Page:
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The government will be forced to revise downwards its growth forecast for 2024

After six months of stagnation, INSEE sees French growth coming out of its hibernation step by step.

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The government will be forced to revise downwards its growth forecast for 2024

After six months of stagnation, INSEE sees French growth coming out of its hibernation step by step. “Overall, the horizon is brightening a little at the start of 2024,” says Dorian Roucher, new head of the institute’s economics department. We are seeing a very moderate recovery. » INSEE therefore expects gross domestic product (GDP) to grow by 0.2% in both the first and second quarters. At this modest rate, the growth achievement at the end of the first half of the year, that is to say the growth for the whole of 2024 if activity did not change by more than one iota from June to December , would be 0.5%.

Suffice to say that the government hypothesis set in the 2024 budget, voted in December, of growth of around 1.4% no longer holds water. To achieve this objective, taking into account forecasts for the first half, activity should increase by 1.2% in the third, then in the fourth quarter. A challenge that no economic forecaster believes in. In its latest forecasts, dating from the beginning of the week, the OECD expected annual growth of only 0.6% for France, down 0.2 points compared to its November projections, and 0. 6 points compared to those of September. The Banque de France, for its part, is aiming for an increase in activity of 0.9% this year.

At Bercy, everyone is well aware that there is an urgent need to revise the macroeconomic framework. The ministry's economists, at the Treasury, have already run their spreadsheets, and the announcement of the new growth objective is expected in the coming days, ideally next week if the planets are aligned with Matignon and the Élysée.

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This is not just the vanity of economists. This revised growth figure will result in a severe rereading of the budgetary trajectory. The exercise looks painful. Initially, in order to meet its deficit objective of 4.4% of GDP, the executive had to make 12 billion in savings, which still remained to be identified. A lower level of GDP will mechanically increase the pressure on public spending, placing the government before an impossible alternative: giving up on its public finance trajectory and risking the deterioration of its debt or passing tough reforms which could fuel protests in the country. Street.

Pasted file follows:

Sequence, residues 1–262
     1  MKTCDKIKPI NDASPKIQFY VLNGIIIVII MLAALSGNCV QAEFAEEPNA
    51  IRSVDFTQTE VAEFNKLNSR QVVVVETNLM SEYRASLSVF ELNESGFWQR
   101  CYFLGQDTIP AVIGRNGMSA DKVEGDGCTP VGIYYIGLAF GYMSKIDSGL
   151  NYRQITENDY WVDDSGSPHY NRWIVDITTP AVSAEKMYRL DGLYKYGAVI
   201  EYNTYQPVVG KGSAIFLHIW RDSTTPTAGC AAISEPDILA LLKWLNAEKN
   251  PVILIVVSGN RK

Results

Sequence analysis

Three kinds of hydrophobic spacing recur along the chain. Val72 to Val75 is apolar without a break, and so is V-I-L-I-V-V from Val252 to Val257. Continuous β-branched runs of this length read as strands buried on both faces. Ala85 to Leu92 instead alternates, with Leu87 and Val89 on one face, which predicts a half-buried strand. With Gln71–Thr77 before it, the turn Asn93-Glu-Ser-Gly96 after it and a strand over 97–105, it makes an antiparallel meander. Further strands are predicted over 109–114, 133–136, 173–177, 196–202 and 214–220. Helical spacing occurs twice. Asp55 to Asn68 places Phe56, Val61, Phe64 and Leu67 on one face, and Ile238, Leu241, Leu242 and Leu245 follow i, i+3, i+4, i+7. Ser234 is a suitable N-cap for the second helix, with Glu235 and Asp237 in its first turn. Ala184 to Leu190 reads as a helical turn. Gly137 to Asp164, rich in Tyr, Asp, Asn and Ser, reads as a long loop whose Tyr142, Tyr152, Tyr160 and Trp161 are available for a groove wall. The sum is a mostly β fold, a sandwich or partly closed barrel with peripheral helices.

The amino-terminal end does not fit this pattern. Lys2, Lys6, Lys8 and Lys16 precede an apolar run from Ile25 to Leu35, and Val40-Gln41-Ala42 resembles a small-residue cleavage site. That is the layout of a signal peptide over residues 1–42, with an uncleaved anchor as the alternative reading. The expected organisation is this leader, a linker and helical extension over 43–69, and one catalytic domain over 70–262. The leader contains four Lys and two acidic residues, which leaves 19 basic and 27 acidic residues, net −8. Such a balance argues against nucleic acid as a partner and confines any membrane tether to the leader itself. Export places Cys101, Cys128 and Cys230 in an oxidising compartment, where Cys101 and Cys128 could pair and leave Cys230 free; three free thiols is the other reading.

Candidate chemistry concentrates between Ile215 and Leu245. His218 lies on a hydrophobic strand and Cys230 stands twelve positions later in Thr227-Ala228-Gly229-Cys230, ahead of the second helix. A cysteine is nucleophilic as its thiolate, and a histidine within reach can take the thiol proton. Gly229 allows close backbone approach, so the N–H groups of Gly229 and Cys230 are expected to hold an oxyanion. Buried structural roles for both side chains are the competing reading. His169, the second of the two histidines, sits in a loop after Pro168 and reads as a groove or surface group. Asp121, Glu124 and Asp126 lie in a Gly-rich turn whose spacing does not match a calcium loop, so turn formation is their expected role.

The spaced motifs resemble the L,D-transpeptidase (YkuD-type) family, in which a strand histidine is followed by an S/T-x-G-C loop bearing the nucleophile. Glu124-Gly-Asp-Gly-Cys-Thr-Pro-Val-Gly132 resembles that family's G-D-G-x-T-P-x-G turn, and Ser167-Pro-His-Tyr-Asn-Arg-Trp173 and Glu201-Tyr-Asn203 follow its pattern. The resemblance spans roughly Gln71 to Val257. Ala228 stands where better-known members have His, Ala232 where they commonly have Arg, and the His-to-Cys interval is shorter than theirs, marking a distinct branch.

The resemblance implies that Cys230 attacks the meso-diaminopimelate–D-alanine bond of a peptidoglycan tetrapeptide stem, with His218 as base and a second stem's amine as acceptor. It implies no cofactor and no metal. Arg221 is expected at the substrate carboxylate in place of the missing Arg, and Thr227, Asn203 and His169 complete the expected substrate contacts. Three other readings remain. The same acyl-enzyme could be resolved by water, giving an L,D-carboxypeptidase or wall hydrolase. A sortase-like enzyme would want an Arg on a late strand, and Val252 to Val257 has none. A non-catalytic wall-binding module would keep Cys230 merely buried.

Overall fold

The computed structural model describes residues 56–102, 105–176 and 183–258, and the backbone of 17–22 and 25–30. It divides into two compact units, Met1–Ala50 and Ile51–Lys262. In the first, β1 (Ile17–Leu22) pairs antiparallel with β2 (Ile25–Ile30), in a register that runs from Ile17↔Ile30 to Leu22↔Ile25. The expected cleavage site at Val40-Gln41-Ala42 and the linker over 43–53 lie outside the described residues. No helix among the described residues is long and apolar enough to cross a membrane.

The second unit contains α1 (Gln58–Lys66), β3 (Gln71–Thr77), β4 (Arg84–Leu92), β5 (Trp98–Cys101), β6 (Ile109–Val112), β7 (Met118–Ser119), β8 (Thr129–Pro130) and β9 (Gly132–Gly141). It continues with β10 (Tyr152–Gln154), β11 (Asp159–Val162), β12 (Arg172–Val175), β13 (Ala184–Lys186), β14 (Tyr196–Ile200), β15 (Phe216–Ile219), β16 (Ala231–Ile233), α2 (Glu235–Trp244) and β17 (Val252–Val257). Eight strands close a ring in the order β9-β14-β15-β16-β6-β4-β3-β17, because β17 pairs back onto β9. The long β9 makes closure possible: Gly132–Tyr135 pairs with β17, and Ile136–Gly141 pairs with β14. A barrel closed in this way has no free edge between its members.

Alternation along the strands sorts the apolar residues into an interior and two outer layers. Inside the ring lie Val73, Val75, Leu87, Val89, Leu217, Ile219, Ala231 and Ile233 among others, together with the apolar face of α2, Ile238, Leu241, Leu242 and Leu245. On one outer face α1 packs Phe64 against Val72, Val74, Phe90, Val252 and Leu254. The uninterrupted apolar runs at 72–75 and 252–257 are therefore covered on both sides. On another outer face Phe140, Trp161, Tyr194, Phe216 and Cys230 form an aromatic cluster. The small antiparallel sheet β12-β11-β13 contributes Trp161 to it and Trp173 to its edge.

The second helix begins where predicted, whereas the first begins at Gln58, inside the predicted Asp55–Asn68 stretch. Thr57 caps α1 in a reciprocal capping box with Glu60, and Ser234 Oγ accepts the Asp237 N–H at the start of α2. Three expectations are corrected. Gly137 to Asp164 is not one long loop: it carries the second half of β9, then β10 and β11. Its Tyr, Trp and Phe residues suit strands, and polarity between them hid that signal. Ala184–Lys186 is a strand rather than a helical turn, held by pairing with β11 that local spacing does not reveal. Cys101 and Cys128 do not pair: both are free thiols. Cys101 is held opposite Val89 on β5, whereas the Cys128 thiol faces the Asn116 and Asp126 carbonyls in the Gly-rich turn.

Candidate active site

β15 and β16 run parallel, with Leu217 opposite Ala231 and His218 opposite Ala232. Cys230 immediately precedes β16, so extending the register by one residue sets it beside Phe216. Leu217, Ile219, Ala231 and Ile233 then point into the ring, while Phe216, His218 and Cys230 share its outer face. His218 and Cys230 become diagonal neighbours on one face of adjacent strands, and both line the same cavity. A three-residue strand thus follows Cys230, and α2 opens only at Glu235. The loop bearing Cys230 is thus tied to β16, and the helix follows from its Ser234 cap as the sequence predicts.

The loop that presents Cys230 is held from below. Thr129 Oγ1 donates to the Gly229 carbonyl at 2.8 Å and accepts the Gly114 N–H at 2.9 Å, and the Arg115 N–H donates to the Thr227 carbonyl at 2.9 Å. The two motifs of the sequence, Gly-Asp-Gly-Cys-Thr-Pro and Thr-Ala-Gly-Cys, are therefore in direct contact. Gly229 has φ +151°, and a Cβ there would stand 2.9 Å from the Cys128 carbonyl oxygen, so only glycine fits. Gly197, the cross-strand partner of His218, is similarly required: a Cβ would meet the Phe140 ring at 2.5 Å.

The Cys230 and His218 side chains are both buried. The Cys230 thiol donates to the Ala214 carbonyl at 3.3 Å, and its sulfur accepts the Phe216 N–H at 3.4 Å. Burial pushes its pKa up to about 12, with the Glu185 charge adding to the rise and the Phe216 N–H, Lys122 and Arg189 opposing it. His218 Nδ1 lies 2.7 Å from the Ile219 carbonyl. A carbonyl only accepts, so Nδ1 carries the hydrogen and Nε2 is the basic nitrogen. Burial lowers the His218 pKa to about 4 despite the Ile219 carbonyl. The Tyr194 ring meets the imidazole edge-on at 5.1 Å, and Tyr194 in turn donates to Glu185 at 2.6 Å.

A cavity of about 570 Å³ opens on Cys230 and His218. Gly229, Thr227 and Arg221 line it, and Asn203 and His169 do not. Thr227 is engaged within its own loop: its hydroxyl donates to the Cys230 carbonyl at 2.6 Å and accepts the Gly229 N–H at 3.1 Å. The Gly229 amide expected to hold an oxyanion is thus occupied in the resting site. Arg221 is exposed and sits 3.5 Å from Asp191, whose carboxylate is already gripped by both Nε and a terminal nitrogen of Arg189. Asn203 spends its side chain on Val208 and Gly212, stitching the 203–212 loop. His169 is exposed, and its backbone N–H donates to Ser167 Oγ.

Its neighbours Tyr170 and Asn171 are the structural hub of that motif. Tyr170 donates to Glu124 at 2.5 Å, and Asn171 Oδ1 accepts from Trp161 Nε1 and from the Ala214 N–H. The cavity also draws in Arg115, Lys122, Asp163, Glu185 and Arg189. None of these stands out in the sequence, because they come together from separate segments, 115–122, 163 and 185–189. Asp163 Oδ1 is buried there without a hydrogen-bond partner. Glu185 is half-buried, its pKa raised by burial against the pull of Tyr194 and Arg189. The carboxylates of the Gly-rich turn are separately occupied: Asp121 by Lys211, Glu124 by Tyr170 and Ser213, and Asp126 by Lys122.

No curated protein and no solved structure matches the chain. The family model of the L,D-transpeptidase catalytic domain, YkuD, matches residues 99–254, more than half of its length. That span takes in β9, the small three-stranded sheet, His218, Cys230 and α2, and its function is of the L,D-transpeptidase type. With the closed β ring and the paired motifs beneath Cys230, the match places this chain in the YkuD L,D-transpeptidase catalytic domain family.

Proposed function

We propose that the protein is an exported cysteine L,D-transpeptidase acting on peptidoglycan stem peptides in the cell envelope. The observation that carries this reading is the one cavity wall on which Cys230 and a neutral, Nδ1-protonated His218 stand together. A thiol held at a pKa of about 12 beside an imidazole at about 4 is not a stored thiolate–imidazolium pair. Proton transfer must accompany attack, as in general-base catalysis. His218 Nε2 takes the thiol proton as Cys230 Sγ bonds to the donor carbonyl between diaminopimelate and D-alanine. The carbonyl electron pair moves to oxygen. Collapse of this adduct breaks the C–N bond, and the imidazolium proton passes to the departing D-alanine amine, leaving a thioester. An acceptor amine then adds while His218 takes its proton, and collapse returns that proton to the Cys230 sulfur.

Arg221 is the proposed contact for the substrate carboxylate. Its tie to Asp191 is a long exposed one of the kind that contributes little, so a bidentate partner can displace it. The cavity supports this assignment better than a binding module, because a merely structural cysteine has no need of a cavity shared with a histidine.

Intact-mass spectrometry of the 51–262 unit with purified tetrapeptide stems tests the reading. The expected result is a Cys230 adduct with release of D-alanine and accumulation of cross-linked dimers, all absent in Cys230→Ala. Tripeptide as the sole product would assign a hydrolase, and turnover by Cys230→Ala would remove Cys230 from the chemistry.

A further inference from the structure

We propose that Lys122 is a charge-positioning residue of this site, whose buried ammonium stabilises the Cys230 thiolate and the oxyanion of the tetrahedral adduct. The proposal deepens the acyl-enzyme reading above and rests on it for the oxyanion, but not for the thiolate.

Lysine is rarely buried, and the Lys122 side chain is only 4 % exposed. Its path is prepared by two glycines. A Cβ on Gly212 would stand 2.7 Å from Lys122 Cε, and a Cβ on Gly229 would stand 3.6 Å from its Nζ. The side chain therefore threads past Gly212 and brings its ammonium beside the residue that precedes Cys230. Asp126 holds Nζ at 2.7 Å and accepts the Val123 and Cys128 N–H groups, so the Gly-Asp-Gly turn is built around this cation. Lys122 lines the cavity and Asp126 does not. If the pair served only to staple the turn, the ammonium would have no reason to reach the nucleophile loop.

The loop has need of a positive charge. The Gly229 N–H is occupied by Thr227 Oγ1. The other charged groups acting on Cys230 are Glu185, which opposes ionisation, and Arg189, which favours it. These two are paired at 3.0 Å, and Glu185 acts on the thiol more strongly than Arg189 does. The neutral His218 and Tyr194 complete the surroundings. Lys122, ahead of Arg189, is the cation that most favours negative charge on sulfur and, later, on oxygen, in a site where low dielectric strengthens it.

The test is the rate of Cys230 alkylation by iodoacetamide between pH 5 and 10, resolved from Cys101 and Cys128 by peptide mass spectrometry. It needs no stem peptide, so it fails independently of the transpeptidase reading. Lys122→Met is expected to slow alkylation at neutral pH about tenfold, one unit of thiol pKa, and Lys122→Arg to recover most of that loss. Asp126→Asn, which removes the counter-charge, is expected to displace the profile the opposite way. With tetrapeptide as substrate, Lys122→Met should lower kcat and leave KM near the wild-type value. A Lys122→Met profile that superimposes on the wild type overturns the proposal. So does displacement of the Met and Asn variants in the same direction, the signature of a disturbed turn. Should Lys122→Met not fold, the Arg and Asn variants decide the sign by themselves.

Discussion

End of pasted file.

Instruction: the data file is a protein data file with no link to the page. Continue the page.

Only a surprise burst of activity would loosen the grip of the executive. Unfortunately, the economy's ability to rebound seems very modest. Growth in the first half of the year would indeed rely on the solid but restrained engine of the return of consumption. It “would benefit from gains in purchasing power in the first half thanks to the fall in inflation, particularly concerning food products and thanks to the dynamics of wages and social benefits, revalued on past inflation”, write the economists of INSEE. After 3.1% in January, the price rise should continue to slow down. In June, it is expected to be around 2.5%.

On this horizon, it would be “the prices of services, driven by wage dynamics”, which would primarily support inflation. Conversely, food prices would begin to stabilize. Price increases for this segment would stand at 1.5% in June, compared to 5.7% in January, after a peak of around 16% in spring 2023. INSEE expects a stable savings rate, around by 17%. “A more rapid decline in the savings rate would support growth,” acknowledged Dorian Roucher. But, in the current context, nothing really suggests, at least for the moment, such a surge of confidence.

On the business side, the landscape appears surprisingly heterogeneous at the start of the year. Thus the industry, where the branches traditionally evolve in concert due to their interdependencies, is moving forward at the start of the year in a dispersed order. The business climate is favorable in transport equipment, but has deteriorated significantly in the food industry, due to the drop in consumption. This disparity conveys the image of a hesitant economic situation, with a still fragile rebound. However, one anomaly seems to be resolved at the start of the year. The employment climate, which was hovering well above that of business, is gradually returning to the same level.

The rapid increase in rates over the past eighteen months continues to weigh on investment and partly explains the increase in business insolvencies. It is of course real estate and construction which are suffering the most from the tightening of financing conditions. Household property purchases, already down 1.4% year-on-year in the fourth quarter, are expected to continue to deteriorate. Only a relaxation of key rates by the European Central Bank (ECB), which is not expected before the spring, would make it possible to revive investment.

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